Having traveled around the world many times, he finally decided to retire in 1938, and his farewell concert in the Albert Hall, London, on November 27 of that year attracted an audience of over 11,000. But again, he felt he had a duty to perform when World War Two broke out, and he came out of retirement to sing on tour for the benefit of The Red Cross. The effort took its toll, and McCormack died at his home in Dublin, Ireland on September 16, 1945. The eminent opera critic Ernest Newman eulogized him fittingly in the Irish Sunday Times, saying "His was the supreme example of the art that conceals art. He never stooped to small and modest things; he invariably raised them to his own high level. He was a patrician artist with a respect for art that is rarely met among tenors. There is no one to take his place."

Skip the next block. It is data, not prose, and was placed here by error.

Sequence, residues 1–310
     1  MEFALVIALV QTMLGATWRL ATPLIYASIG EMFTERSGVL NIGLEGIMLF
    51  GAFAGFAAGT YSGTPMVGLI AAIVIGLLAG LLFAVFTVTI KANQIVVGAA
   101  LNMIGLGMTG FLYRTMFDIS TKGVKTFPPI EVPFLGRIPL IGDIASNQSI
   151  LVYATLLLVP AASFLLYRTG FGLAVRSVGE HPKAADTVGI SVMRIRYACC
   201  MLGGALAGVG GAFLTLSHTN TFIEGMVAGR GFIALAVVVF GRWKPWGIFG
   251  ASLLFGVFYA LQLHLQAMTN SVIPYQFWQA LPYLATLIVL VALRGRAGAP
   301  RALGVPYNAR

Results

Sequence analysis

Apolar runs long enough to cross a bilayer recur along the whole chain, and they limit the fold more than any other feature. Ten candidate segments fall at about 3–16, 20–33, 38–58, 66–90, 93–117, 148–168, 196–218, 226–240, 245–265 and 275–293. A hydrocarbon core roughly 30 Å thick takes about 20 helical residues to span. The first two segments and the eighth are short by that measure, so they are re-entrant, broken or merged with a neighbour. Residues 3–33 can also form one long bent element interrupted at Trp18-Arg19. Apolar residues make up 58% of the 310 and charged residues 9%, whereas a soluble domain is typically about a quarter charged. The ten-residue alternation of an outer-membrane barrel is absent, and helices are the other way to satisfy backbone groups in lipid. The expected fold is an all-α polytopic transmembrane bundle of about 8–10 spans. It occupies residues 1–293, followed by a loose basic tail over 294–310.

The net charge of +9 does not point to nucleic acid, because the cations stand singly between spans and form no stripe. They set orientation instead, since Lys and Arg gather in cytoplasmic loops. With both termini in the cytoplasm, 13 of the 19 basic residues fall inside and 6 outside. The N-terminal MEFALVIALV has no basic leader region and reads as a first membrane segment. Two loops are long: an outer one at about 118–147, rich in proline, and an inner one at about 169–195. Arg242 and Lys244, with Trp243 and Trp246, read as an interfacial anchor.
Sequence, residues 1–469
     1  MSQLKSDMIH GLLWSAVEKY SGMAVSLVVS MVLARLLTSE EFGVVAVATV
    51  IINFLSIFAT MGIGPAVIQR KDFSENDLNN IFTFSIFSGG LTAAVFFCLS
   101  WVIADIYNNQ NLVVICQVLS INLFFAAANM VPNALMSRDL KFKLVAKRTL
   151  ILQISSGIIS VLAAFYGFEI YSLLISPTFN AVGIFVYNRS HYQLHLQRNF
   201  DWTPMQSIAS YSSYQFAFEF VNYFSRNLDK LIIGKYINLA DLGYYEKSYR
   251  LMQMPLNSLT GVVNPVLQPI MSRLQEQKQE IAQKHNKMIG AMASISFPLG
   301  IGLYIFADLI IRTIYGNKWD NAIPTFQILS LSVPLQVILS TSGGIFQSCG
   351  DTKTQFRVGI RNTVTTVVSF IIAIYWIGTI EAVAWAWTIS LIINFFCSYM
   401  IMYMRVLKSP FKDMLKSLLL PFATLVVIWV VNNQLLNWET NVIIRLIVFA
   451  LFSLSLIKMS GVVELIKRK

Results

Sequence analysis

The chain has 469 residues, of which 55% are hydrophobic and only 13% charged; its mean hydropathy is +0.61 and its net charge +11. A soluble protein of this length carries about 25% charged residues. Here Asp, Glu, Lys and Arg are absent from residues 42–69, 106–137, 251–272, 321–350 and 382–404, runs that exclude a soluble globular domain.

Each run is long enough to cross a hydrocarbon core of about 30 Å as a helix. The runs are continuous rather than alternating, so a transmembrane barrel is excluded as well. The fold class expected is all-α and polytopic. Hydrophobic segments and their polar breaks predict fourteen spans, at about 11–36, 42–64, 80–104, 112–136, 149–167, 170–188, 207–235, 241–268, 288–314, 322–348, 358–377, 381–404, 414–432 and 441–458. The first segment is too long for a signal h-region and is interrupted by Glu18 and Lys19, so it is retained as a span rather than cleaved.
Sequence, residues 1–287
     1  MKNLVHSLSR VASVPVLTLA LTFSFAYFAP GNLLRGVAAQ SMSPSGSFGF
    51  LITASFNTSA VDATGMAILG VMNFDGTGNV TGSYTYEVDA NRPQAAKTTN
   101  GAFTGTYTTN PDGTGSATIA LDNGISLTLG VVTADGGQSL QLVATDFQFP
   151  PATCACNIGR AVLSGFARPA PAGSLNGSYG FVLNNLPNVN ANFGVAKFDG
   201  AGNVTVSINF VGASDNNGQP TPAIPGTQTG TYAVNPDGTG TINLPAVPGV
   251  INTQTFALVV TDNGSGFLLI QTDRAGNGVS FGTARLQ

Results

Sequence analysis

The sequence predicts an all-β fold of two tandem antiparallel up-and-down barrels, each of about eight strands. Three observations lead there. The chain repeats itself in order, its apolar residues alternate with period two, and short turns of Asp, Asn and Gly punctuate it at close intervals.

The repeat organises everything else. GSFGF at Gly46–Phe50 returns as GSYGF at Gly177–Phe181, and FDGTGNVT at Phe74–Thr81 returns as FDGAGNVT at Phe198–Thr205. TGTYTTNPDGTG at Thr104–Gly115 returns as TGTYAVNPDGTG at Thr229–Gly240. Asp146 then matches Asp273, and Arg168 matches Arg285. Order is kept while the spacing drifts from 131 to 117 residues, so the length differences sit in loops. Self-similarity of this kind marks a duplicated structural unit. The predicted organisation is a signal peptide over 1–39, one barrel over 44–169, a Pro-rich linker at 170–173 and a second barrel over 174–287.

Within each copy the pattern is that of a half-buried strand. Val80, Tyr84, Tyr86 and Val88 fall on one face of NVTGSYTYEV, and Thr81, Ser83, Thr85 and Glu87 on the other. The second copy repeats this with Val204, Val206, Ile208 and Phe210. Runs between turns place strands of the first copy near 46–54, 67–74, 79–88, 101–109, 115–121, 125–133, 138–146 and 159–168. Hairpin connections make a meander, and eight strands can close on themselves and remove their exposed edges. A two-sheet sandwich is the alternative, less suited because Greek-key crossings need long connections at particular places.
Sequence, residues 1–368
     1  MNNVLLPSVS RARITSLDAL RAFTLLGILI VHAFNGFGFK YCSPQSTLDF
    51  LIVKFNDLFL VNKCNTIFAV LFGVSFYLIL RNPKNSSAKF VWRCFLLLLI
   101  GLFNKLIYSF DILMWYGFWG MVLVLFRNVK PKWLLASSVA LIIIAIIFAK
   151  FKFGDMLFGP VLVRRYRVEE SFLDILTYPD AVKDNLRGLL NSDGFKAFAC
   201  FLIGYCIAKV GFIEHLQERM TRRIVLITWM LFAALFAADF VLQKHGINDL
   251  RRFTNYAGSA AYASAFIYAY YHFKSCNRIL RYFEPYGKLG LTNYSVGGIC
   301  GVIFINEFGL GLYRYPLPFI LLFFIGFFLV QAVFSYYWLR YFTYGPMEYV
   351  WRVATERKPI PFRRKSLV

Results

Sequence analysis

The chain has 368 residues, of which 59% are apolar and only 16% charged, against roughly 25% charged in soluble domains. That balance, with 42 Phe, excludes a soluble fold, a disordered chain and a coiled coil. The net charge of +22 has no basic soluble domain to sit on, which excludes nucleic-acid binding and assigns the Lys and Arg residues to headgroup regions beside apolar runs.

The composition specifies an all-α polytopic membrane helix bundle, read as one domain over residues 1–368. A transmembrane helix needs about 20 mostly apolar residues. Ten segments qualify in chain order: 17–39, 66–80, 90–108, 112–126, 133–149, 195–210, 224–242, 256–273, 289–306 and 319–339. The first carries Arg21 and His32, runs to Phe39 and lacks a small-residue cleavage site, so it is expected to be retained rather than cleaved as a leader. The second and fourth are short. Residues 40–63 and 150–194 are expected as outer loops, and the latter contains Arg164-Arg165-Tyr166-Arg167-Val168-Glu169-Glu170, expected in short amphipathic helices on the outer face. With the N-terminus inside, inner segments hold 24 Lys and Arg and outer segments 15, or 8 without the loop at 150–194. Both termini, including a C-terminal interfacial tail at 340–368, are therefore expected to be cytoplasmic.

Yet, I wonder if you know that before every performance, wherever he was in the world, John McCormack always made his way to the nearest chapel. There, in the dim silence, he knelt in prayer, giving thanks for the great gift that had been bestowed on him, and asking for help that evening that he might give of his very best. I don't say that was the whole secret of McCormack's golden song - but I believe it was a vital part of it, and something that could ennoble the task of every one of us.
During the First World War, McCormack stayed in America, and used his concerts to promote the sale of Liberty bonds. At the end of the war, he sang "The Battle Hymn of the Republic" and "The Star Spangled Banner" before President Wilson at a ceremony by Washington's grave at Mount Vernon. Other highlights of his career included his singing "The Lost Chord" at the funeral of Oscar Hammerstein I 1919, and his performance of "Panis Angelicus" at the 1932 Eucharistic congress in Dublin - McCormack was a deeply religious man, and was made a Papal count in 1928 for his services to Catholic charities.